Mrs. Doyle: If I may take up a point that has just been made, as each week goes by this House is perceived as being more irrelevant because we do not appear to have the structures to debate quickly and to respond quickly to the issues that are important to the people of our country. I ask the Leader of the House, with some urgency, to try to find out what is holding up the establishment of a foreign affairs committee. We have consistently, on all sides of this House, pressed the Leader on this for a long time now. There were some utterances in the other House by the Taoiseach just a week or two before the local elections which left us in a position that perhaps we will have no foreign affairs committee. I would like to know exactly the Government's intentions in the matter. We need a vehicle where we can discuss and respond to issues, particularly those as close to home as Yugoslavia. This is what we should be talking about this week, or at the latest next week, and yet we appear not to be able to do so. This is just not good enough.
As finance spokesperson for Fine Gael in this House, I also support the call for a debate on the economic and social impact on our country, both rural and urban, of the proposed reform of the Common Agricultural Policy. We are not opposed to reform; we are just opposed to the particular proposals that apparently are before us and, indeed, the implications of GATT. GATT and the Common Agricultural Policy can be taken together and should not be isolated and perhaps a debate could be structured in such a way that we could include the  budgetary overrun in that debate. I would prefer two separate debates but given the date we may not have time for two separate considered debates on the social and economic implications for agriculture and on the budgetary overrun. We must turn our minds to issues which are relevant to the people. I ask the Leader of the House to ensure that we are perceived as being relevant and respond quickly to the issues.
Has the Leader of the House plans to allow a debate, even for a few hours, on ODA policy? There is a contnuing problem worldwide with starvation particularly on the African continent. Our small contribution in terms of official ODA needs some consideration by this House and I ask the Leader to allow us to debate that matter in the next week or two.
Mr. Fallon: If I were to accede to all the requests from Senators for debates on the many issues raised, we would sit well into the month of August. I had planned, as I am sure others had, a short break in August. It is unrealistic to ask for so many debates at this time, however important they may seem.
I agree with Senator Manning that Item No. 1 is on the Order Paper for too long. It is not my fault. If we kept it moving obviously it would have been disposed of by now. I will do something about that before we adjourn for this session. Senator Manning also asked about the programme for the rest of the session. We are pretty much on target as regards the taking of items. I indicated that the Sea Pollution Bill might be taken but it will not be taken before the summer break. The Competition Bill will be taken as will the Courts (No. 2) Bill, the Trade and Marketing Promotion Bill, the Temple Bar Bill and the Courts (No. 1) Bill. We hope to conclude those in the present session. As I indicated previously, we will be sitting into the third week of July.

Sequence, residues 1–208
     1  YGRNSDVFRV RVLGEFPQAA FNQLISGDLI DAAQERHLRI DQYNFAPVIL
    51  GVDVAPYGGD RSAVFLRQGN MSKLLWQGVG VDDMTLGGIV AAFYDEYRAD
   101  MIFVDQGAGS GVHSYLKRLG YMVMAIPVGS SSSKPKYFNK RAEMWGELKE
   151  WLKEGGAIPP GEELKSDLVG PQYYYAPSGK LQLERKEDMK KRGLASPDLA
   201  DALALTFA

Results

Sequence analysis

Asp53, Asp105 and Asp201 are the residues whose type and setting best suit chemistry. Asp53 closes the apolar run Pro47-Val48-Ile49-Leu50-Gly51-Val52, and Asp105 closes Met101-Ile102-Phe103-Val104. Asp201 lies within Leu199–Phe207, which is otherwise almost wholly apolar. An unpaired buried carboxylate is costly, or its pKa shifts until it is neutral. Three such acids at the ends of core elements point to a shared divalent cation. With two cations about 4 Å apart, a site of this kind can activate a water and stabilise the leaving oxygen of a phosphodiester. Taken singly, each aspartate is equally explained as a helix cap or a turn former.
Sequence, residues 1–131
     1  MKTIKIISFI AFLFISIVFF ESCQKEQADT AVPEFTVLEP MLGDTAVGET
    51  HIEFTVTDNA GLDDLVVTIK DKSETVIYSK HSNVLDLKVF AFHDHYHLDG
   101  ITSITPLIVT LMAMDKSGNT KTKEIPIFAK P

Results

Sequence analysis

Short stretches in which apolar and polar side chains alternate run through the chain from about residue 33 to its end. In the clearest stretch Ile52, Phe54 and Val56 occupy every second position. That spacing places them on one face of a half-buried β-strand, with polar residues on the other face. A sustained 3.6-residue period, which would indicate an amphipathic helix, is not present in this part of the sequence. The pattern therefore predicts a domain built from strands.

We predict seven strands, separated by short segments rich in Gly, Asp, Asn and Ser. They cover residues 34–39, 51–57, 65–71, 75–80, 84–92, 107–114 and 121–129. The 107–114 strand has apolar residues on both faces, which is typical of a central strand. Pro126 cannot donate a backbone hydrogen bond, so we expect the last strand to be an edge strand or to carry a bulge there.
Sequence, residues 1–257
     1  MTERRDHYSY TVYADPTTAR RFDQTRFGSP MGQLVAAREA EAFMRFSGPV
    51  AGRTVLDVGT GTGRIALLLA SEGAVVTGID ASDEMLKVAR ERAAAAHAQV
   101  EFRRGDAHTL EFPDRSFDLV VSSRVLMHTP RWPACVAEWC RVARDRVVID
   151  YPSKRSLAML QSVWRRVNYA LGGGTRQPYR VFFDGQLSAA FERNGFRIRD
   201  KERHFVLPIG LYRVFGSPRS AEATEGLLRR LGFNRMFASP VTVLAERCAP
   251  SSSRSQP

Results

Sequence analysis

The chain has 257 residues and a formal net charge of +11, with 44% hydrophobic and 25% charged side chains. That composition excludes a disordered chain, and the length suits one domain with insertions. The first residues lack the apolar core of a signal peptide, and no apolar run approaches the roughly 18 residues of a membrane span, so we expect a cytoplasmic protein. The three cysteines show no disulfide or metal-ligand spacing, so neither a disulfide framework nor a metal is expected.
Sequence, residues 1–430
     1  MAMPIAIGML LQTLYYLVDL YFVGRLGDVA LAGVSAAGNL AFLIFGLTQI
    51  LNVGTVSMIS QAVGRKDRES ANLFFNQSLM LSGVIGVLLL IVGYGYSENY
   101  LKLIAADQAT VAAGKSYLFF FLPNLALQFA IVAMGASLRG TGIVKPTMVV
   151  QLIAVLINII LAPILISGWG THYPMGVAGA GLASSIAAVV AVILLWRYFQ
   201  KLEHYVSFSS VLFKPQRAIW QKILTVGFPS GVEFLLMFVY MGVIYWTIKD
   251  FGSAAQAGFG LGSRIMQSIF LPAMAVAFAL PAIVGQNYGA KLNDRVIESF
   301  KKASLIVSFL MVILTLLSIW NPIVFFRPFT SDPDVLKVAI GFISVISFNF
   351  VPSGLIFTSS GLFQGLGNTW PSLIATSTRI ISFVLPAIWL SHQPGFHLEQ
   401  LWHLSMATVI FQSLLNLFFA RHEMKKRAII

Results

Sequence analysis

Senator Manning asked for a debate on the Brooke talks. We all live in hope in regard to the talks. I will keep the  matter under review and see what happens but I cannot promise a debate at this time. Many Senators raised the question of the economy. We are not unique in respect of this problem and many countries near us are worse off. Our inflation rate, interest rates and trading figures are all good and I am confident the Government will rectify the position in due course. Having said that, in a spirit of cooperation, I will investigate the possibility of having a debate on the economy. I favour the point made by Senator Doyle that we would have a debate on the economy/agriculture. Two weeks ago we had a debate on the developments in the EC and there were only three speakers.
Mr. Fallon: The debate was adjourned. I favour Senator Doyle's idea and perhaps we will arrange for that. That might suit Senator O'Toole and other speakers who raised the question of the CAP and other budgetary matters.
Senator Ryan referred to a review of industrial policy. I will investigate that. Senator Dardis queried the forum that Minister O'Kennedy referred to. I will investigate that and find out the present position. Other Senators referred to matters I have dealt with. In regard to Standing Orders, I have to work within the rules of the House and will continue to do so. In regard to Senator Hourigan's point, I do not wish to offend him but he seems to think that my personal views on issues determine if they are relevant. They are not relevant to the Order of Business. I would prefer if that did not arise and I say that without in any way trying to cause offence.
Senator O'Keeffe referred to bank charges. While it is an important matter, I have no plans to raise that subject in this session. It seems to be a very suitable matter to raise on the Adjournment. On the Local Government Bill, I am not aware when the ultra vires rule will be implemented but I will make inquiries  and inform Senator Hederman. Senator Hanafin also referred to bank charges and agriculture. I have no plans for a debate on item No. 7 which Senator Neville referred to. I will further investigate the Seanad voting rights for Senator Jackman. I have no plans for a debate on Yugoslavia or on overseas development aid mentioned by Senator Doyle.